I Wasn’t Ready for Rehab

My addiction became problematic in 1995, but I wasn’t ready for rehab. I suffered from depression but I didn’t relate it to my drug use.

My drugs of choice were stimulant drugs: amphetamines and cocaine. I had been employed since I left school in Glasgow, at the age of 16, and had a great job in the financial services industry.

However my recreational drug use became very problematic. Initially I would only take drugs every other weekend and would scoff at people: Why would they take drugs midweek? Why would they take drugs and then go to work? But then I became that person and I was taking amphetamines just to feel normal.

I believed I was functioning normally but then I started being late for work and getting irritated with the guys I was working with. In 1995 I walked out of my job. My family became very concerned about me: why was I doing this? But they didn’t know what was going on, and neither did my colleagues.

I became depressed for a few months, not getting out of bed and not taking care of myself at all. My family got involved and the doctor came to visit me at home. I was then referred to a psychiatric ward and I remained there for five and a half months — for depression. But I was dishonest and I didn’t mention my drug use.

Over 6 Years to Get Ready for Rehab

Castle Craig was mentioned by my consultant in 1995 but I wasn’t ready, I really didn’t think I had a problem with drugs. I didn’t consider myself an addict and the idea of rehab just went over the top of my head. Unfortunately I went back to using drugs for another 6 years.

I started to take drugs daily and for the next 6 years it got worse. Even though my behaviour and attitude was out of control —  I was doing things I would never normally have got involved in and I often ended up in hospital —  I still didn’t feel I was ready for rehab.

I was involved in an unhealthy relationship — my partner also took drugs — and the norm for me was to get up in the morning, take drugs, dress nicely and go out like everyone else. I didn’t believe I needed help. I was living on benefits at the time.

The depression then kicked in again, probably due to the overload of drugs. I was given a psychiatrist who I saw weekly as an outpatient and he said I needed treatment. My other family members were getting involved by then. I was seven and a half stone (48kg) and psychologically very damaged, although I didn’t realise it at the time.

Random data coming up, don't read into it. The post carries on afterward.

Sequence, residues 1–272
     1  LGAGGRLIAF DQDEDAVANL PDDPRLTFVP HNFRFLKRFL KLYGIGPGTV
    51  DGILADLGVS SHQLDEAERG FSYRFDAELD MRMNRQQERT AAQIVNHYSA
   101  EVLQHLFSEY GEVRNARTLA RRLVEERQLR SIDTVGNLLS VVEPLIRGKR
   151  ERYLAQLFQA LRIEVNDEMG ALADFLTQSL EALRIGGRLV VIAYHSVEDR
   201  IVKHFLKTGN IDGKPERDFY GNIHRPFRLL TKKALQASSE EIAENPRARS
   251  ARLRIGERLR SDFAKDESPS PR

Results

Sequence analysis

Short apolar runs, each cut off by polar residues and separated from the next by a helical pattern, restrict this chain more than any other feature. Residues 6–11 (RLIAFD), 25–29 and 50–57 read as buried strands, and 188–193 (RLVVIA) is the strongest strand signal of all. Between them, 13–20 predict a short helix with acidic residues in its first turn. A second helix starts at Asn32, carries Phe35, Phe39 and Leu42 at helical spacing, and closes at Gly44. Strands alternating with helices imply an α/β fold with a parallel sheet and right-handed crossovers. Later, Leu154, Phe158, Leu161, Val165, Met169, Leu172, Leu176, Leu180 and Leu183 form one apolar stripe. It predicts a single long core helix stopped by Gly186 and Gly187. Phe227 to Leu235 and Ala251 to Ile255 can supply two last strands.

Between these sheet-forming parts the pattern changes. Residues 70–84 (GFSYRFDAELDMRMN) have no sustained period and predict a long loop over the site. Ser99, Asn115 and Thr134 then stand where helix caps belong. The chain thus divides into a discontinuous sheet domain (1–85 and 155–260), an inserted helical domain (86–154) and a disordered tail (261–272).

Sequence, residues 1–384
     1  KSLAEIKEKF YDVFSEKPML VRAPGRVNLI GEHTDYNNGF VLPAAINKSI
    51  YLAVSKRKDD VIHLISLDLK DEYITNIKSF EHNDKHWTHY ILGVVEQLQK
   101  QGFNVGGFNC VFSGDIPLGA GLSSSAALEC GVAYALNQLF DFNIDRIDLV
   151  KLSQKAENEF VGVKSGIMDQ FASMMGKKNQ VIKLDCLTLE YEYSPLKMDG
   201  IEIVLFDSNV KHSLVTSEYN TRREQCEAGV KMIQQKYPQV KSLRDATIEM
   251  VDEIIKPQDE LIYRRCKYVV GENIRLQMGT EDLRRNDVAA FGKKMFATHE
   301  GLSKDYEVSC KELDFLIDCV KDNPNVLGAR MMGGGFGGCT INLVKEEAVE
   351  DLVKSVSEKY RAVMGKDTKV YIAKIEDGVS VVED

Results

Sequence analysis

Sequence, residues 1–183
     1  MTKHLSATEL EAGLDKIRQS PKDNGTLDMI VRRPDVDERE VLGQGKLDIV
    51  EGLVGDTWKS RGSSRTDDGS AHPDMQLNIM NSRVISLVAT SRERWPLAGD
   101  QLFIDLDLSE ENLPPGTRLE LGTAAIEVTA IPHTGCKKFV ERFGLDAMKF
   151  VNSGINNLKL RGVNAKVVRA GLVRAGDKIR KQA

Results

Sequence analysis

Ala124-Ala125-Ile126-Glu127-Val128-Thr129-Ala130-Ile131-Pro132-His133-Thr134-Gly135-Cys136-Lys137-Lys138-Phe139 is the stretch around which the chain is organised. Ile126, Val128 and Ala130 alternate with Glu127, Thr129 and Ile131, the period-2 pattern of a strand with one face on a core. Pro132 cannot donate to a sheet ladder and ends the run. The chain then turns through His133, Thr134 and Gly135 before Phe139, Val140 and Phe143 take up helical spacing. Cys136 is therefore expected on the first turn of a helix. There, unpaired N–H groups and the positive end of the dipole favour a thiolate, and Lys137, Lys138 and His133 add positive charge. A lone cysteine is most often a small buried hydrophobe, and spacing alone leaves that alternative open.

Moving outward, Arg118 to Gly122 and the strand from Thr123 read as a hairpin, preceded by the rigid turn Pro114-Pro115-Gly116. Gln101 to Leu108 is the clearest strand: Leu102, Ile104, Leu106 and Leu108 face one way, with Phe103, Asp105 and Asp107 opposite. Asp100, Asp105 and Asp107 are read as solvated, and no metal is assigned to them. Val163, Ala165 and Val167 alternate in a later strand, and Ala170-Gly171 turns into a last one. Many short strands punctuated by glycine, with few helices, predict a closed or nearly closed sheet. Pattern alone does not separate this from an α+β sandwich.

I was a wreck by this point and my GP got involved. I was shaking, trembling and I wouldn’t come out of the house; I was becoming a recluse. The amphetamine-type drugs had given me a lot of energy at the beginning but by the end I had no energy at all. I was literally crawling to bed at one point.

That was when I realised I needed some help. My GP sent me to a psychiatrist who sent me to Castle Craig. I believe at that time I was ready for treatment. It had taken almost 7 years for me to admit that I had a problem.

“I Was Not Like These People”

I was admitted to Castle Craig on Wednesday the 31st of January 2001. It wasn’t an easy ride. The only person who knew I was coming in was my brother. I was pretty ashamed but still not realising that I was an addict.

When I came into treatment I felt different. I felt I was not like these people and I went to the staff room and said: “Excuse me, I really don’t need to be here. These people need more help than I do.” I was still delusional. The staff were very gentle with me and said “we’ll talk about that.”

For two or three days I was crying and feeling overwhelmed. It was scary. I never thought I would get one day free of drugs. There was an inkling that I wanted to but I didn’t know how to do it. I had no detox because it’s not needed for my type of drug, and it took me about three weeks to “land” in Castle Craig. I had a lot of damage, nightmares and negative thinking.

Gradually I realised that I was just like the other people in treatment and I spent over four months there. I was fearful. I didn’t think I could have a life without drugs, without having a chemical in my body. This is what my addiction was telling me. I learned a lot about myself and today I can say I am an addict and am in recovery.

If you or someone you know is experiencing what Roseanne describes above, contact us to get help. We have a therapist call-back service, where you can speak to someone and request support for admission to Castle Craig.